When asked about pyramids, comparisons can be made to companies with a top-paid person. What they don't say is that companies are not trying to hire an unlimited number of employees or pay employees based on hiring new employees.

Be careful when products or services are just recruitment tools. Products can be fraudulent and / or overpriced, but even high-quality products can act as a cover for recruiting activities.


If you decide to become a distributor, remember that you are legally responsible for any claims you make about the company, its product, and the business opportunities it offers. This applies even if you are repeating allegations you read in a company brochure or advertising brochure. If you decide to request new distributors, remember that you are responsible for any claims you make about a distributor's earning potential. Make sure you represent the opportunity honestly and avoid making unrealistic promises. Remember, you can be held accountable if these promises are followed.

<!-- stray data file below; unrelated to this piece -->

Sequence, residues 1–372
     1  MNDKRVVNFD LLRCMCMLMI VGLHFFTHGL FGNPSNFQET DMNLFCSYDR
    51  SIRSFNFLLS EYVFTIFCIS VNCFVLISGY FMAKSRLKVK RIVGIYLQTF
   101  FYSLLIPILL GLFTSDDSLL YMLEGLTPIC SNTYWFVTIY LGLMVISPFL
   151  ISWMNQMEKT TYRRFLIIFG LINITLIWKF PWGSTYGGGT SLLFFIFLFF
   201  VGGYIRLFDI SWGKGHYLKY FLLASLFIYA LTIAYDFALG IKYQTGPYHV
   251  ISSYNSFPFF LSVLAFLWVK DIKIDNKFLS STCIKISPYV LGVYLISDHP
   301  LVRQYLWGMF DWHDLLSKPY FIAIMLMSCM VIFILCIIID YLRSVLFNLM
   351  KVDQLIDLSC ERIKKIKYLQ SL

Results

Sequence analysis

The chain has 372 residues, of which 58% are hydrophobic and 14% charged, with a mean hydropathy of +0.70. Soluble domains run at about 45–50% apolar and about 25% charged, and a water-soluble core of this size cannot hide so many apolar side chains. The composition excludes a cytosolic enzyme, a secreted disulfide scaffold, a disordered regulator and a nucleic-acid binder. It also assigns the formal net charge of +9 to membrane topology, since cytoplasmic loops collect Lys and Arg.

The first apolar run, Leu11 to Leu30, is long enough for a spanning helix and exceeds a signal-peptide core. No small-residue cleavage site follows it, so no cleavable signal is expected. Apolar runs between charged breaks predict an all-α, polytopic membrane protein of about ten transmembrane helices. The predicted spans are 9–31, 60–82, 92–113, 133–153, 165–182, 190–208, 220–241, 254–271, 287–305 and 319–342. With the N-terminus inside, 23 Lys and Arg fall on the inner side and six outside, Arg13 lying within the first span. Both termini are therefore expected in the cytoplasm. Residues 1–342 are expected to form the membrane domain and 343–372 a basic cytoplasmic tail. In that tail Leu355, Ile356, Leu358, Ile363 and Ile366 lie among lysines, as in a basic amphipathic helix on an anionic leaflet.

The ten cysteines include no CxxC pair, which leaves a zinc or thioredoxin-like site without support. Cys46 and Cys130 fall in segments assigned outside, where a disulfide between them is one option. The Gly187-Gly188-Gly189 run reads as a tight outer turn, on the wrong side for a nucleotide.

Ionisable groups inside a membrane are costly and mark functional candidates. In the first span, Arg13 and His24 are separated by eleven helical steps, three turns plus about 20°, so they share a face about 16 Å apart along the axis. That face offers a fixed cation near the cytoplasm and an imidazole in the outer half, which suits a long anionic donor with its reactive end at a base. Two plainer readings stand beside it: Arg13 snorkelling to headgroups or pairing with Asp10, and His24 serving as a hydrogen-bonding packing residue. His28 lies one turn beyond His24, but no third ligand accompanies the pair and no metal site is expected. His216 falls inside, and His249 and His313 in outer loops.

If you join a disguised pyramid scheme as a multi-level marketing program, your decision will affect not only you, but everyone you include in the program. Many people devote a significant amount of time to marketing these worthless ventures. Ultimately, if a multi-level marketing opportunity sounds too good to be true, it probably isn't.